Soon, the evening breeze would stir the leaves and flocks of robed Vulcans would pour out of the house, floating over carefully raked gravel paths and hardy desert grass. Likely, music would spring up from the terrace and the low murmur of conversation would mingle with that of the fountains. But for now, there was only a waiting silence.



"Ha, ashal-veh."

"She is here."

"So she is."

T'Leia turned and saw her mate standing in the doorway. More silver in the abundant jet black of his hair, but his stance was that of a man a century younger than he. And the gaze resting on her, concerned and reassuring both, was the same as it had been the day they were bonded. The curiosity and cheerful calm that had so astonished her in a seven year old was still there, untouched by time.

"Do you require attending?"


A silent exchange, two near imperceptible nods.

Not long after Solkar's steps had faded, a quietly proud T'Mei led another woman in elaborate robes into the sunlit room and departed swiftly. If the child with her wild mahogany curls had taken it askance to be looked down upon with a rather haughty air, she had hardly shown any sign. Though T'Leia had recognized a definitive glimmer of amusement in storm grey eyes at the blatant difference between the two matriarchs meeting here.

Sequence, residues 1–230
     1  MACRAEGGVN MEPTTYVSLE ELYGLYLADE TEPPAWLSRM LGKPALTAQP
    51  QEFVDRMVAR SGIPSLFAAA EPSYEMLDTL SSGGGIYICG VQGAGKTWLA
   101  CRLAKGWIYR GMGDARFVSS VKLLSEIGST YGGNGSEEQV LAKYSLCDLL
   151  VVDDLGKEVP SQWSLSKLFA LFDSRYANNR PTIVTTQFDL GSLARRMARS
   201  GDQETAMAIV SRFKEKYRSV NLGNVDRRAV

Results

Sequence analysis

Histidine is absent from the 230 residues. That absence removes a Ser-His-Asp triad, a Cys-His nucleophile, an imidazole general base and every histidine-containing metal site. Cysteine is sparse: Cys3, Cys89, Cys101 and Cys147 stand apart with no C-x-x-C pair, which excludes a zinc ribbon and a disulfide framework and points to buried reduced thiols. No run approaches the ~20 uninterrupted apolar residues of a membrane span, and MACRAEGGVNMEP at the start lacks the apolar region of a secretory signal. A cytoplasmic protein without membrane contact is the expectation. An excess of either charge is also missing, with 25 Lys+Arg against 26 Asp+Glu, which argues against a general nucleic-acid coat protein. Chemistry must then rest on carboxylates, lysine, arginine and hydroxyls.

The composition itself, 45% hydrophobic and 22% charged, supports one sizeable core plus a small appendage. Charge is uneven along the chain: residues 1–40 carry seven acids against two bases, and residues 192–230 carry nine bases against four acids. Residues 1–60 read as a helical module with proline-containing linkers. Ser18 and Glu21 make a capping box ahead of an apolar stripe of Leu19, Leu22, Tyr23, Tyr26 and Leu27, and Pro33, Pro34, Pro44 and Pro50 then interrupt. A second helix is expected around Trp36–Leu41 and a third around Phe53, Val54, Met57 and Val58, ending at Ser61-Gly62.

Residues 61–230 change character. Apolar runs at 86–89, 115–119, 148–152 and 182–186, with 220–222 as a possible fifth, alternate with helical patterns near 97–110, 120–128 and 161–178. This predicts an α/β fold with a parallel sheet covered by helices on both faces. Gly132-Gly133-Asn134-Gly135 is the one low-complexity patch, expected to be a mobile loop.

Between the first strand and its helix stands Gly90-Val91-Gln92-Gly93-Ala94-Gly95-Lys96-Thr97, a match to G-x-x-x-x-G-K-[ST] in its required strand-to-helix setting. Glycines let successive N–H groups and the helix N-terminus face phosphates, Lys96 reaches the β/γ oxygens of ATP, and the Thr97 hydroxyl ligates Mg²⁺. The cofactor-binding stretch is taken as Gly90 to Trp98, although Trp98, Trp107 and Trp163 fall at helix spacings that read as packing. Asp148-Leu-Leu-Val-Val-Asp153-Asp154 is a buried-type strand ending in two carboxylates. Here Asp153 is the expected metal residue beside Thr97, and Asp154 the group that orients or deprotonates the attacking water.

The small, almost frail looking one in exquisite but somber attire and the tall, regal one with bejeweled hands and robes that shimmered at every move.




Some might have said the meeting of these two women qualified as a summit – however informal and regardless of the fact neither held any public office. And those 'some' would have been people who knew the planet circling 40 Eridani very well indeed and understood the forces working on this world – both the visible and the silent.

Eyes of luminous topaz held a deep amber gaze in their fierce regard and the air itself seemed to carry a charge until currents shifted and settled. The wealth and ancient power of Na'ree, often rivals and betimes uneasy allies to the obscure clan that had held these hills since the Time of the Beginning, offered grudging respect and was acknowledged.

It was not only polite. It was logical.


"I have a request."

A slanted brow the color of polished steel climbed fractionally – of course one did not trade favors or exhibit horribly bad taste by showing satisfaction that one was in a position to grant a request. To her, nonetheless. But T'Nye could simply not deny herself a brief moment of … appreciating the circumstance.

"Personal, yes?"

A logical assumption since otherwise T'Leia would hardly have bothered summoning her in person. And indeed, she was offered a seat with a calm nod before Solkar himself floated into the room, carrying two glasses with fragrant tea.



Far in the distance, the sky over Thanar was gleaming in shades of alien blood.

"Tell me of T'Narel's son. Tell me of Somok and she who was t'Sahen."


[End Log]